Mary Hardimon. Autism spectrum disorder (part 1) – what’s in a name?, Don't Forget the Bubbles, 2018. Available at:
Since being first described by Dr Leo Kanner of John Hopkin’s University in 1943, the terminology used in the diagnosis and reference to autism spectrum disorder has changed multiple times making it confusing not only for families but also clinicians.
Kanner described eleven children in his article Autistic Disturbances of Affective Contact whom displayed “a need for sameness” and lacked social instinct to interact with others. He coined the disorder infantile autism, borrowing the term from Eugene Bleuler whom had used the term autism in reference to adult patients with schizophrenia (although he did not suggest that these disorders were aetiologically related).
Subsequently in 1944, Hans Asperger (psychologist) published an article Die Autistischen Psychopathen im Kindesalter (Autistic Psychopathy in Childhood). There is some contention that whilst Hans therefore was rewarded with an eponymous disorder (which in some countries has been since removed) that in 1926 a Russian neurological assistant (Eva Sucharewa) wrote a paper on the Schizoid Personality of Childhood, thought to describe Aspergers Disorder.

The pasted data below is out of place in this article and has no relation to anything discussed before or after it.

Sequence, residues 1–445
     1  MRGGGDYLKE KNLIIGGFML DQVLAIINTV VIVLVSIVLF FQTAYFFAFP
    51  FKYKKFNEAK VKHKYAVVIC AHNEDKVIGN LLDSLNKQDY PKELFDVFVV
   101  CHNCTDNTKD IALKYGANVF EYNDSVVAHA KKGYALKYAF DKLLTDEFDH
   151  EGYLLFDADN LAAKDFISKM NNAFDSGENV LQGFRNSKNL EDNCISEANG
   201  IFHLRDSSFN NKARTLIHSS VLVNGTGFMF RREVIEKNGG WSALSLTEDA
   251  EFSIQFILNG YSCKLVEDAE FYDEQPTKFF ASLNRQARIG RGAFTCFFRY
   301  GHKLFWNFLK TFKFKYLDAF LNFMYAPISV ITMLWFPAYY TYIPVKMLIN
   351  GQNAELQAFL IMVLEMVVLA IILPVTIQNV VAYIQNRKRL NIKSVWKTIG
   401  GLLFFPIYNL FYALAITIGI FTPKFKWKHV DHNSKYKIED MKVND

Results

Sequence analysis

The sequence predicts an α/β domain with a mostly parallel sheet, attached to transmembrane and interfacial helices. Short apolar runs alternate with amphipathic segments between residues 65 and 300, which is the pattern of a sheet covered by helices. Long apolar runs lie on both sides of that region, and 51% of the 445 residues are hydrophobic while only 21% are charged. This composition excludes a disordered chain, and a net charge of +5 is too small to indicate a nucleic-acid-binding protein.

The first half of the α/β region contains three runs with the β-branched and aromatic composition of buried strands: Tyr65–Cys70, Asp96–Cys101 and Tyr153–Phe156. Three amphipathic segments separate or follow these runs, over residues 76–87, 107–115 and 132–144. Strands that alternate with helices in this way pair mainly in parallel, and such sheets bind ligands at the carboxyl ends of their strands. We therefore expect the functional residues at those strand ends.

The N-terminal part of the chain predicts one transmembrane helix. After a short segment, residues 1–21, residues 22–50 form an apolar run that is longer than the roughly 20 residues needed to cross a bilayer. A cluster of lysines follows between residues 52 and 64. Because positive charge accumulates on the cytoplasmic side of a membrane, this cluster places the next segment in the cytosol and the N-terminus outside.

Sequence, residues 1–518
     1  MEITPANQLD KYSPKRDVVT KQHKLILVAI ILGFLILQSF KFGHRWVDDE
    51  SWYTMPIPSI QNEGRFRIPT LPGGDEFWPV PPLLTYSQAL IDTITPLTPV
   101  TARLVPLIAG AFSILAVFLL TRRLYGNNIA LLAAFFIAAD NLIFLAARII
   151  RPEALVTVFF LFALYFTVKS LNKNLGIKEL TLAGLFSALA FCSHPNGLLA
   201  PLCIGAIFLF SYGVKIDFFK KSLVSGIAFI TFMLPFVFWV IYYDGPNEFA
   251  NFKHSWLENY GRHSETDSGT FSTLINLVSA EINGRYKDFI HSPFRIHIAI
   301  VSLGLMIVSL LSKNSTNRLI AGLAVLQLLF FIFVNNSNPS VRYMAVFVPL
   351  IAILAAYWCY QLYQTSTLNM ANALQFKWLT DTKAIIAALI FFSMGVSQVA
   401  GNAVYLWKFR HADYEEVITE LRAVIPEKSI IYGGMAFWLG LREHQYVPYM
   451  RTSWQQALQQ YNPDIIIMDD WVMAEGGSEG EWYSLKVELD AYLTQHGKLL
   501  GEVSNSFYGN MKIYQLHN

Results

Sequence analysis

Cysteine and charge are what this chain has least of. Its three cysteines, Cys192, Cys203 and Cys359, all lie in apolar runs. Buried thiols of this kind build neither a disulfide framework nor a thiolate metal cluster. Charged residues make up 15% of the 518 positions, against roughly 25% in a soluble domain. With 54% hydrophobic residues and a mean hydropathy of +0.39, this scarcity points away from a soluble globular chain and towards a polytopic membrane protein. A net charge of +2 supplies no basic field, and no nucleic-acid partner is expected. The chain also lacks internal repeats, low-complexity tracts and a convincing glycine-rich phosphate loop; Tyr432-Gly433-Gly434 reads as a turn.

Since its original description and subsequent registration with the International Classification of Diseases and the Diseases and Statistics Manual, autism spectrum disorder has encompassed many names, including but not limited to:
So which is correct?
This is dependent on whether the ICD (International Classification of Diseases) or DSM (Diagnostic and Statistic Manual) is used, with the majority favouring DSM due to it being regularly revised and including diagnostic criteria (as well as being the nomenclature used by other government services such as Centrelink!)